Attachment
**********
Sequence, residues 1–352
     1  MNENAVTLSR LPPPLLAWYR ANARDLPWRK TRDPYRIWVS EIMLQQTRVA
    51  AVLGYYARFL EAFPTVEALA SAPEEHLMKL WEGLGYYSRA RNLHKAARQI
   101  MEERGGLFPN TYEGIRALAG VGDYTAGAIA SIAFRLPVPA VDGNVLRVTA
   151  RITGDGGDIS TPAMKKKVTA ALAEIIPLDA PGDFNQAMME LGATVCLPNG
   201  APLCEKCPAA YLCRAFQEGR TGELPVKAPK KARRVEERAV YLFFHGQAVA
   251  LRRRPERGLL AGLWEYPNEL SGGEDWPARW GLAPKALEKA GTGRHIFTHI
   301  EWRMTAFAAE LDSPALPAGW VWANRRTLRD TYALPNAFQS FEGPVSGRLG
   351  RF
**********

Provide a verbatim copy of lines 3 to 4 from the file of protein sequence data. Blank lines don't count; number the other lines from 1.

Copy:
    51  AVLGYYARFL EAFPTVEALA SAPEEHLMKL WEGLGYYSRA RNLHKAARQI
   101  MEERGGLFPN TYEGIRALAG VGDYTAGAIA SIAFRLPVPA VDGNVLRVTA